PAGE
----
Roberts v. State

Annotate this Case

513 S.W.2d 870 (1974)

Clinton ROBERTS and Steve Wheeler, Appellants. v. The STATE of Texas, Appellee.

No. 48252.

Court of Criminal Appeals of Texas.

September 24, 1974.

*871 Daniel R. Rutherford, San Antonio, for appellants.

Jim D. Vollers, State's Atty., and Larry Gist, Asst. State's Atty., Austin, for the State.


JACKSON, Commissioner.

The convictions were for felony theft; the punishment in each case, four (4) years.[1]

On August 25, 1972, while on routine patrol, Captain Leroy Schneider of the Seguin Police Department came upon appellants at approximately midnight back of the Peppertree Motel in Seguin. Appellants were loading chain from the rack of a truck cab into the back seat of appellant Roberts' father's car. Officer Schneider arrested appellants, then summoned Ernest Rosales, the driver of the truck, from his room in the motel. Rosales identified the chains in the back seat of the car as the chains which had been on his truck. At trial Rosales testified that he worked for the Dahlstron Corporation, that Jack Dahlstron was his boss, and that "Dahlstron Corporation" was written on the side of the truck. Photographs of the truck also showed that "Dahlstron Corporation" was written on the side of the truck. The alleged owner of the chains, Jack Dahlstron, did not testify.

Appellants contend that the evidence was not sufficient to show ownership in Jack Dahlstron as alleged.

The indictments charge that appellants did "fraudulently take and steal certain property ..., the same being the corporeal personal property of Jack Dahlstron." Appellants contend that this allegation of ownership was never proved. We agree.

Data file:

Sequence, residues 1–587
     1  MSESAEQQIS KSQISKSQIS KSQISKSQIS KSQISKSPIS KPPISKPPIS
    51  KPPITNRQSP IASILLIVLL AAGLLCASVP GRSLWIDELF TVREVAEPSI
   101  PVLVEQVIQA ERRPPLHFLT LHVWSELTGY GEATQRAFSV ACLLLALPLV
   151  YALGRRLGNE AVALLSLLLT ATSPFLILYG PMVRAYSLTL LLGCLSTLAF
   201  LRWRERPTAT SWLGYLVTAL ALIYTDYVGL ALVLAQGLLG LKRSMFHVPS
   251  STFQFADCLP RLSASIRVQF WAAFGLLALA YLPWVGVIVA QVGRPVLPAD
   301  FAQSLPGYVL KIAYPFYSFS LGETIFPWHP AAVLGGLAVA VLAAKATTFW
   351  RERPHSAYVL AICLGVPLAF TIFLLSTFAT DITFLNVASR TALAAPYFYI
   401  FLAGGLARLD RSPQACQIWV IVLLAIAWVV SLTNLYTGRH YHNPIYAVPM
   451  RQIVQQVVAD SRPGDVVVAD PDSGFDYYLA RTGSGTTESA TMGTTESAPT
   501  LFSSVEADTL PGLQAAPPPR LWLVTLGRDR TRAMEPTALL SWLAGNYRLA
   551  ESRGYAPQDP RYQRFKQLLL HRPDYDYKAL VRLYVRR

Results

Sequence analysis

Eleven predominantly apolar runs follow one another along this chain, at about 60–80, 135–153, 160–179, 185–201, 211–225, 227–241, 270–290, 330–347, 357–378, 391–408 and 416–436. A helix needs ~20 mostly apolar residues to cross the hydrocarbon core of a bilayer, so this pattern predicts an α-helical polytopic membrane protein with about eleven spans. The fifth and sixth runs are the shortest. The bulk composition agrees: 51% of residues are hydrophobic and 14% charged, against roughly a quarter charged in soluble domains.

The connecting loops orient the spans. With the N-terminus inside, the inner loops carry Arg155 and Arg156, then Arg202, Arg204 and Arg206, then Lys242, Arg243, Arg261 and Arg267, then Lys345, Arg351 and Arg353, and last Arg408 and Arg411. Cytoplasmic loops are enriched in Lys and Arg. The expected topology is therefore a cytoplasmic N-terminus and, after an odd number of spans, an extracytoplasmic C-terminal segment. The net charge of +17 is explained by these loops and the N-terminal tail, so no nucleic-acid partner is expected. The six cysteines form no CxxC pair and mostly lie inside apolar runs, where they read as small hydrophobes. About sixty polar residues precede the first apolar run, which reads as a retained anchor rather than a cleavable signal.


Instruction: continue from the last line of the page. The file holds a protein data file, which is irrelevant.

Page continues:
It is a cardinal principal of law that all essential averments in an indictment must be proved as alleged. Easley v. State, 167 Tex.Cr.App. 156, 319 S.W.2d 325 (Tex.Cr.App.1959); 1 Branch's Ann. P.C.(2d), Sec. 2627, p. 73, and cases there cited. The record contains no evidence that Jack Dahlstron owned the property in question. It may be inferred that the Dahlstron Corporation owned the chains.

Where one person is alleged to own property, but it is shown to be owned by another, or by a corporation, the State has failed to prove the ownership as alleged. Freeman v. State, 417 S.W.2d 412 (Tex. Cr.App.1967); Roberts v. State, 377 S.W.2d 656 (Tex.Cr.App.1964); Easley, supra; Williams v. State, 276 S.W. 282 (Tex.Cr. App.1925). Cf. York v. State, 511 S.W.2d 517 (Tex.Cr.App.1974).

To be distinguished is the instance where one person is in custody or control of property belonging to another. There an allegation of ownership in either the actual owner or the "special owner" will be sufficient. Art. 21.08, Vernon's Ann.C.C. P.

*872 This rule applies to corporate ownership as well, and the usual practice is to allege ownership in the employee who has custody and control of the property. Castillo v. State, 469 S.W.2d 572 (Tex.Cr.App.1971); Porter v. State, 172 Tex.Cr.R. 366, 357 S.W.2d 401 (Tex.Cr.App.1962).

Here, however, Jack Dahlstron was not shown to be either the actual owner or the "special owner." The State has failed to prove its allegations, and for this reason the convictions must be reversed.

The judgments are reversed and the causes remanded.

Opinion approved by the Court.


[1] On original submission we dismissed the appeal for lack of a proper sentence in a nonpublished per curiam opinion. By supplemental transcript it now appears that appellant has been properly sentenced and notice of appeal has been timely given. Accordingly, we reinstate the appeal and consider the case on the merits.